In my fifth video lesson in the Language Notes series, I plan to address meals and mealtimes. I’ve found that this topic has vocabulary that is easy to translate but tricky to understand in full. On the one hand, the definitions are clear because there are direct translations in other languages for breakfast, lunch, and dinner. However, as I explain in my video, there are differences from family to family and culture to culture in how we experience these meals. What exactly would you offer to an overnight guest at breakfast time? What kinds of items are there on the lunch menu at a U.S. restaurant? If one gets invited to dinner, will everyone have the same expectations in terms of time, foods, and table setting?
To initiate this discussion with your students, I suggest finding out what language and concepts they are already familiar with by using my Language Notes_5_classroom slides. Both basic and advanced students can respond to the five questions.
After watching the video lesson (both parts), new vocabulary can be put into practice through pair work:
- (basic) Students can explain how to set a table. They can draw, work with paper cutouts, or use disposable utensils and plates. Have them incorporate sequence words and prepositions of place.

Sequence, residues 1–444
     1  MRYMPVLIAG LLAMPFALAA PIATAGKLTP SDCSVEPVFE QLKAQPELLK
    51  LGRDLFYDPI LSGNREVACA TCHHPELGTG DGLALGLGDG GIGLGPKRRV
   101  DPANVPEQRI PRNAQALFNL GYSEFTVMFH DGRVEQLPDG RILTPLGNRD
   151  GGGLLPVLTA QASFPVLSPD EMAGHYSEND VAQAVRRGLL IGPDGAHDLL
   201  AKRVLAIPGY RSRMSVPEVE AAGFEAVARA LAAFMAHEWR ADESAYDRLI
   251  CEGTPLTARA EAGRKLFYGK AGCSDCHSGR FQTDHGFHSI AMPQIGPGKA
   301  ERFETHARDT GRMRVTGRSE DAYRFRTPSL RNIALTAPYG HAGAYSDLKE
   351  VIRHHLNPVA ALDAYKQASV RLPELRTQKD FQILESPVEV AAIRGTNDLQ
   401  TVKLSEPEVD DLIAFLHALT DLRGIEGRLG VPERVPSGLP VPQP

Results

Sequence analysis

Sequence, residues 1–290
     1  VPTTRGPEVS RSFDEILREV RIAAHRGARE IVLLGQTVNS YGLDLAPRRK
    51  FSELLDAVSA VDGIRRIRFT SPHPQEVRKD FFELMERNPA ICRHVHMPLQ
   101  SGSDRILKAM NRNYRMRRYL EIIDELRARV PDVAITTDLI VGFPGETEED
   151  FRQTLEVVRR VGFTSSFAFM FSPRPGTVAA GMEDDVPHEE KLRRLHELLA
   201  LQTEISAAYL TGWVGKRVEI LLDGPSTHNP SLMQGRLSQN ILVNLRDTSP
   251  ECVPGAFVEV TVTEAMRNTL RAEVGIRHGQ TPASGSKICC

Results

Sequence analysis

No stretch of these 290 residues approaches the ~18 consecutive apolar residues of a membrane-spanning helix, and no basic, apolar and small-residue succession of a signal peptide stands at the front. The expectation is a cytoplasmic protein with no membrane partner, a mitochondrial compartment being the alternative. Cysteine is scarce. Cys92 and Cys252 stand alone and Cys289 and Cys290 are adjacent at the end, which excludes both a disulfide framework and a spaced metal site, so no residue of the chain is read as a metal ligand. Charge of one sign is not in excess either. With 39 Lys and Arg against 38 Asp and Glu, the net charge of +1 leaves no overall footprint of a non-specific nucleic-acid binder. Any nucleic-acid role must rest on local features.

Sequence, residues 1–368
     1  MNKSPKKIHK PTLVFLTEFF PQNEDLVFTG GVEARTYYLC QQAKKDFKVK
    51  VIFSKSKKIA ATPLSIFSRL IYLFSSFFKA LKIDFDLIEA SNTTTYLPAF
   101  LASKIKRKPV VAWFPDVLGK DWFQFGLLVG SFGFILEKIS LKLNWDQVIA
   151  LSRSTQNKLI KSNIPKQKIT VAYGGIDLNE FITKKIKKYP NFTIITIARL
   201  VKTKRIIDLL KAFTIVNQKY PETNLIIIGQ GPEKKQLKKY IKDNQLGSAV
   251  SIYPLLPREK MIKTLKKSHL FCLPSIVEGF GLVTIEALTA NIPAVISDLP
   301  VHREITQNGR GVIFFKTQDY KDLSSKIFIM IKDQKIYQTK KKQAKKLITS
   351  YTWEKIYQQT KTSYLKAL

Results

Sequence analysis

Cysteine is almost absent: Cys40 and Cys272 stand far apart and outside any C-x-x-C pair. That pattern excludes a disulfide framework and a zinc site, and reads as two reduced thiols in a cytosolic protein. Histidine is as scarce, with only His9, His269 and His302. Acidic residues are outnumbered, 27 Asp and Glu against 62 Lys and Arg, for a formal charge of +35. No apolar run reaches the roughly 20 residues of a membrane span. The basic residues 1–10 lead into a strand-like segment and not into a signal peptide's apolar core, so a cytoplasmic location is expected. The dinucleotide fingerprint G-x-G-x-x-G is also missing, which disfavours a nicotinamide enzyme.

- (all levels) Students can discuss typical meals and mealtimes in their families. Basic students can incorporate adverbs of frequency. Advanced students can make use of more advanced time expressions (from time to time, on occasion, once and a while, almost all the time, pretty much every day).
- (advanced) Students can explain dinner etiquette in their cultures for foreign guests. Have them incorporate modal verbs of necessity, for example, “You shouldn’t eat everything on your plate. Leave just a little on your plate to suggest the meal was good and filling.”
Another fun idea that integrates reading, speaking, and listening is to learn a decorative napkin fold and explain it to others. In small groups, each student can learn a different fold and then teach the others. Be sure to bring in enough paper or cloth napkins for this activity. Home Made Simple outlines three ways to fold a napkin.
To review independently, please invite students to try my crossword puzzle that tests their vocabulary on this topic. See my page of interactive exercises.